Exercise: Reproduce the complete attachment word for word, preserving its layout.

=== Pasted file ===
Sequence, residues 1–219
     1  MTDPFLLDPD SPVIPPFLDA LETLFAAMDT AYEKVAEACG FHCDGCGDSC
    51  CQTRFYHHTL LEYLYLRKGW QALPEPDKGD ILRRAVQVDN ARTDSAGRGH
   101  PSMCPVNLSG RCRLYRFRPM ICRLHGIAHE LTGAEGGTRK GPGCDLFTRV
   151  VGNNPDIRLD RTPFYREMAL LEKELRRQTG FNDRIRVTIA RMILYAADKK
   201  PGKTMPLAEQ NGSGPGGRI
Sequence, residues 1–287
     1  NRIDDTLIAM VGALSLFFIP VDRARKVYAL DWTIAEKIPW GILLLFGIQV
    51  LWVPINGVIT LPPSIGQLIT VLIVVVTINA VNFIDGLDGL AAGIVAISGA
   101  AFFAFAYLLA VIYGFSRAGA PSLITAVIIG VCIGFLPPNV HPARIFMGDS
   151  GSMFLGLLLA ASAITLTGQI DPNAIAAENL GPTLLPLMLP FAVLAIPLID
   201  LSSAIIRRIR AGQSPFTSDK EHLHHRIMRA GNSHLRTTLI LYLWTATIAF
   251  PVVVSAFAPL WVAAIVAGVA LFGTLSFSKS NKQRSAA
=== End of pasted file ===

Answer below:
Sequence, residues 1–219
     1  MTDPFLLDPD SPVIPPFLDA LETLFAAMDT AYEKVAEACG FHCDGCGDSC
    51  CQTRFYHHTL LEYLYLRKGW QALPEPDKGD ILRRAVQVDN ARTDSAGRGH
   101  PSMCPVNLSG RCRLYRFRPM ICRLHGIAHE LTGAEGGTRK GPGCDLFTRV
   151  VGNNPDIRLD RTPFYREMAL LEKELRRQTG FNDRIRVTIA RMILYAADKK
   201  PGKTMPLAEQ NGSGPGGRI
Sequence, residues 1–287
     1  NRIDDTLIAM VGALSLFFIP VDRARKVYAL DWTIAEKIPW GILLLFGIQV
    51  LWVPINGVIT LPPSIGQLIT VLIVVVTINA VNFIDGLDGL AAGIVAISGA
   101  AFFAFAYLLA VIYGFSRAGA PSLITAVIIG VCIGFLPPNV HPARIFMGDS
   151  GSMFLGLLLA ASAITLTGQI DPNAIAAENL GPTLLPLMLP FAVLAIPLID
   201  LSSAIIRRIR AGQSPFTSDK EHLHHRIMRA GNSHLRTTLI LYLWTATIAF
   251  PVVVSAFAPL WVAAIVAGVA LFGTLSFSKS NKQRSAA